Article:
ROYAL SOCIETY OF LITERATURE. The session of this society for 184445 commenced on the 14th Nov. The first reading consisted of a further illustration of the Greek inscription on the stele of Xanthus, a copy of which, taken by the eye, together with the Lycian inscription on the same stele, was published in the last volume of the Society's Transactions. Colonel Leake, a letter from whom accompanied the plate, has subsequently had an opportunity of examining a cast of its surface, brought home by Mr. Fellows, the result of which has been various corrections in the reading of the epigram as formerly proposed. These corrections he submitted on the present occasion to the society in the form of a new version; but which, although differing from the former in several of the words and expressions, does not materially alter the sense of the epigram, or invalidate the general inferences deducible from this monument, as stated by him on the former occasion. The date of the monument appears, from the orthography and the form of the letters, to be of the first half of the 4th century before the Christian era. Asiatic Greek inscriptions of that early date are extremely rare, and the present document is the more interesting as there can be little doubt that the actions of the same son of Harpagus, recorded in the Greek epigram, formed the subject of the Lycian inscriptions, between two portions of which the Greek epigram occurs, and consequently that the Greek furnishes a key, though it is feared an insufficient one, to the decyphering of the Lycian. The presumed date of the stele of Xanthus affords strong reason for believing that the greater part of the monuments inscribed with Lycian characters, and found in various parts of Lycia, are of the 5th and 4th centuries B. C. The style of the sculptures found on many of them strongly confirms this supposition. It was in those ages that Lycia chiefly flourished, under the delegated authority of the Greek king, but enjoying those municipal and federal institutions for which Lycia was renowned as late as the reign of Augustus.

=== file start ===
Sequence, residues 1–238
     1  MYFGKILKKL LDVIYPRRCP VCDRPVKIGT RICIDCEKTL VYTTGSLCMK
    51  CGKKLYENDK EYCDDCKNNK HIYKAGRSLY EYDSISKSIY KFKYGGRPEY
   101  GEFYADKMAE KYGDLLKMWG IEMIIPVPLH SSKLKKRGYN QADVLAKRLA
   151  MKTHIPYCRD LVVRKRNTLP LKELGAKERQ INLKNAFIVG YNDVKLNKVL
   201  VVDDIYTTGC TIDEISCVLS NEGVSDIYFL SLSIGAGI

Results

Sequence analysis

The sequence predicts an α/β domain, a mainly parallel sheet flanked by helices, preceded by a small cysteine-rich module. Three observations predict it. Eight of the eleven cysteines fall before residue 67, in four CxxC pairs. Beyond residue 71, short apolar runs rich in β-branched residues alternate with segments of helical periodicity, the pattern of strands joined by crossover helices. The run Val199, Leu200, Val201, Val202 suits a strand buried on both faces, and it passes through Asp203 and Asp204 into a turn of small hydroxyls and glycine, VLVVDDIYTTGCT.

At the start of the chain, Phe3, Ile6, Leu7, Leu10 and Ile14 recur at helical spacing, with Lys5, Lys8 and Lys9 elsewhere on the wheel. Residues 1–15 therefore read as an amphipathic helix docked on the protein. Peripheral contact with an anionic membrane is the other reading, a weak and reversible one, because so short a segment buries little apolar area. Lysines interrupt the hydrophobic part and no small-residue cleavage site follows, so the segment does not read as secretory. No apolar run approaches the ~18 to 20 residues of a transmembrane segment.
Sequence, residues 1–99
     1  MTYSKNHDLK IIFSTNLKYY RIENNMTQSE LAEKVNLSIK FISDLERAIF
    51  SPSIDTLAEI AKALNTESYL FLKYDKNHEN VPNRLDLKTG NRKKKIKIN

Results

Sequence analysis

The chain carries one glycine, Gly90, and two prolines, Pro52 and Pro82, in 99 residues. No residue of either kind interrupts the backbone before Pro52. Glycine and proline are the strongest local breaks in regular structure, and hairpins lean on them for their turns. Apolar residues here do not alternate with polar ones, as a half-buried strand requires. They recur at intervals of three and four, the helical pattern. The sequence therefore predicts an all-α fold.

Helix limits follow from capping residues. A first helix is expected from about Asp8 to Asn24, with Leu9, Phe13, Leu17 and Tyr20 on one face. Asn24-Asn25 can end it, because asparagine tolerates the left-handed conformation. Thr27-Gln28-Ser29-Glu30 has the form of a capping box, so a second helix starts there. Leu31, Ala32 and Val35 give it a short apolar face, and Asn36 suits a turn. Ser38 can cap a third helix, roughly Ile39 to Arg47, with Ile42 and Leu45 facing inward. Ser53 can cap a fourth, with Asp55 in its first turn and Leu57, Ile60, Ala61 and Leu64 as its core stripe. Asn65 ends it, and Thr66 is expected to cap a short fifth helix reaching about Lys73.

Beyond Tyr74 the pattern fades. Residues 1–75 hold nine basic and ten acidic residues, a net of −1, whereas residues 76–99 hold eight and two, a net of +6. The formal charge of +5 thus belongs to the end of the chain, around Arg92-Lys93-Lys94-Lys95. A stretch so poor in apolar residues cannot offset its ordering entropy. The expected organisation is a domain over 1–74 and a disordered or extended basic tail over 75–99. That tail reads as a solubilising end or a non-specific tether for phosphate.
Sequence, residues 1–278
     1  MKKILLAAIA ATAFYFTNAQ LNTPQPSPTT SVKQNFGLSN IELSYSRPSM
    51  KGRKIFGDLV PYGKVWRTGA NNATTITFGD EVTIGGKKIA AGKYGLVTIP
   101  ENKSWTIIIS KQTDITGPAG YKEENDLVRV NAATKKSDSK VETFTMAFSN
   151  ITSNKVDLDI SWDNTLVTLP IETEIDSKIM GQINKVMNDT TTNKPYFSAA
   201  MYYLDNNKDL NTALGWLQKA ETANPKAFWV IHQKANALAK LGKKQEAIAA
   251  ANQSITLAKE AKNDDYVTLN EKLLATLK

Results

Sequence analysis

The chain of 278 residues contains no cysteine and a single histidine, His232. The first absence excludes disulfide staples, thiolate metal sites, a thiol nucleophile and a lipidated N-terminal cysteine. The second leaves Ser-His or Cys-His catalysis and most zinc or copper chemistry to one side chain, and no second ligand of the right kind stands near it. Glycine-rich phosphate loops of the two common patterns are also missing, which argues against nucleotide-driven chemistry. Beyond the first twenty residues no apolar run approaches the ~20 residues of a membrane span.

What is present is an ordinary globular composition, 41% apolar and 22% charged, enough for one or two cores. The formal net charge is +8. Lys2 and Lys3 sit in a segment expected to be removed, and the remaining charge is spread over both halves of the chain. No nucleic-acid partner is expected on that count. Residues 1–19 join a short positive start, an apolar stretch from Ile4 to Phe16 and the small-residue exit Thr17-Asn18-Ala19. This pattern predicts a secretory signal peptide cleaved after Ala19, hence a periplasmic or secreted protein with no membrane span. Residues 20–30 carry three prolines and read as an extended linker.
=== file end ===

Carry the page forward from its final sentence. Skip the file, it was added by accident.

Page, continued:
A second reading followed, comprising the life of Walter Mapes, by Mr. Wright, written for the second volume of the Society's "Biographia Britannica," now in the press.
By the death of Mrs. Richards, widow of the Rev. Dr. Richards, of St. Martin's, a legacy of 50007., left by her late husband, falls to the Royal Society of Litera